The concept of installing both a furnace and heat pump might seem somewhat strange at first. After all, why should you need two sources of heat? While furnaces and heat pumps both produce energy-efficient heat, the differences in their design actually make using both of them a practical option. It’s not for all of us, but in the right conditions you could truly benefit from owning a furnace and a heat pump.
You’ll need to consider several factors in order to confirm if this type of setup helps you. Your local climate and the square footage of your home are both highly important, especially for the heat pump. This is because some models of heat pumps begin to work less efficiently in colder weather and large homes. Even so, you can still benefit from heat pump installation in Tomball.
Heat Pumps Can Be Less Effective in Winter Weather
Heat pumps are generally less reliable in colder weather because of how they create climate control in the first place. Unlike furnaces, which burn fuel to generate heat, a heat pump reverses its flow of refrigerant to pull heat from outdoor air. This heat is then pulled inside and circulated throughout your home. Provided there is still a little heat energy in the air, a heat pump will function. But the lower the temperature, the less efficient this process is.
The less heat energy is usable outside, the longer it takes a heat pump to pull heat indoors to maintain your desired temperature. It may depend on the type of make and model, but heat pumps can start to lose efficiency at temperatures of 40 degrees and below. They can still be an energy-efficient option until 20-25 degrees, after which a gas furnace should be more effective.
What Temperatures Do Heat Pumps Run Best In?
Heat pumps manage best in milder climates 40 degrees and up. That said, you don’t have to lose out on the benefits of a heat pump just because the local climate is cooler. After all, that’s why owning both a furnace and heat pump might be worth the cost. You can use the heat pump for energy-efficient heat until the weather is cold enough to justify swapping to something like a gas furnace.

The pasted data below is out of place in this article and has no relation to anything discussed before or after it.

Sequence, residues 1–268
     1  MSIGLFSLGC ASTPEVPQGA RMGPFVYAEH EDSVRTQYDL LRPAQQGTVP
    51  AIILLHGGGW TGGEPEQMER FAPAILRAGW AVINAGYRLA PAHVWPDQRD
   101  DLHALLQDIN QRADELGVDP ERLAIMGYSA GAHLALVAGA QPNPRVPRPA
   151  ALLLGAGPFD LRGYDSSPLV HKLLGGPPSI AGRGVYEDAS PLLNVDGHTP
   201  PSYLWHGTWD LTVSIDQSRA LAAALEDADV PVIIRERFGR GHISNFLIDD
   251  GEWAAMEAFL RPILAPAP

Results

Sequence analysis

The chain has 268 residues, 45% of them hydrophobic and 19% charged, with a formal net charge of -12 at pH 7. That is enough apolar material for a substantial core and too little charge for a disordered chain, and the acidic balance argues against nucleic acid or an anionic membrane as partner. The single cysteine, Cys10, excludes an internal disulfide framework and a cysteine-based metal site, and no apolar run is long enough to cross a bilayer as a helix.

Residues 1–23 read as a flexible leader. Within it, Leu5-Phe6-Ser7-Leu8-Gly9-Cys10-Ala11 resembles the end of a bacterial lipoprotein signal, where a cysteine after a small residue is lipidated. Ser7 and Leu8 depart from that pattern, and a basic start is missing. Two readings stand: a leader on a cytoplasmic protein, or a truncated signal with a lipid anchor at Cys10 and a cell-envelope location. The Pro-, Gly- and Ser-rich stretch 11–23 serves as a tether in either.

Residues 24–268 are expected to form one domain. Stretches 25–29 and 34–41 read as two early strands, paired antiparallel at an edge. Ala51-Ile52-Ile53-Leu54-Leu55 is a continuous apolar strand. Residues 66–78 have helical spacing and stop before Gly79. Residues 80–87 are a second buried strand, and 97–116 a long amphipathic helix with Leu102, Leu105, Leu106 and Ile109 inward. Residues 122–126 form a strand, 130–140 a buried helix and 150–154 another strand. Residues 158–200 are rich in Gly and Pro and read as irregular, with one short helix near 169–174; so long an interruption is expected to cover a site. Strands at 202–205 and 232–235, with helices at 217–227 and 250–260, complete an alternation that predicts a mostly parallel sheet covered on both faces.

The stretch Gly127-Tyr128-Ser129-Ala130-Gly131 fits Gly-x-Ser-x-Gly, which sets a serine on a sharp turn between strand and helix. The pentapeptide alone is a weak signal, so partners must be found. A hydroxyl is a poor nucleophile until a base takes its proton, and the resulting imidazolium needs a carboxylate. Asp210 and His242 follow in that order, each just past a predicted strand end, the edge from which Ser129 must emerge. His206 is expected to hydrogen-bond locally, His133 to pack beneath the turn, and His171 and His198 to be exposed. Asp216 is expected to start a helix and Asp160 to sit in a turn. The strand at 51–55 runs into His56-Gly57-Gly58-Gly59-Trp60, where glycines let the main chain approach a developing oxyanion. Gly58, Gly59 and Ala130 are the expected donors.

Certain makes and models boast greater performance in winter weather. For example, the Lennox MLA heat pump is capable of operating at 100% capacity at 0°F. It can even remain efficient in temperatures as cold as -22°F. For optimum energy efficiency, you’ll likely still want to swap to the furnace in severely cold weather.
So Should I Get a Heat Pump if I Use a Gas Furnace?
If you’re thinking about maintaining the most energy-efficient HVAC system available, having a heat pump and gas furnace at the same time warrants the investment. Not only is a dual-heating system flexible, but it features other advantages such as:
- A source of backup heating – A redundant heating system means even if one fails, you still have the capability to heat your home. It might not be the most energy efficient, but it’s better than having an unheated home while you sit around for repairs.
- Reduced energy costs – The ability to pick which heating system you use based on the highest energy efficiency lowers your total costs. Smaller heating bills over the life span of these systems can really add up to plenty of savings.
- Less strain on both systems – Instead of running one system all winter long, heating resources are divided between the furnace and heat pump. Key components could last longer as they’re not under constant use.
If you’re still unsure about heat pump installation in Tomball, don’t hesitate to get in touch with your local professional technicians. They can review your home’s comfort needs and help you determine if a dual-heating HVAC system is the best option.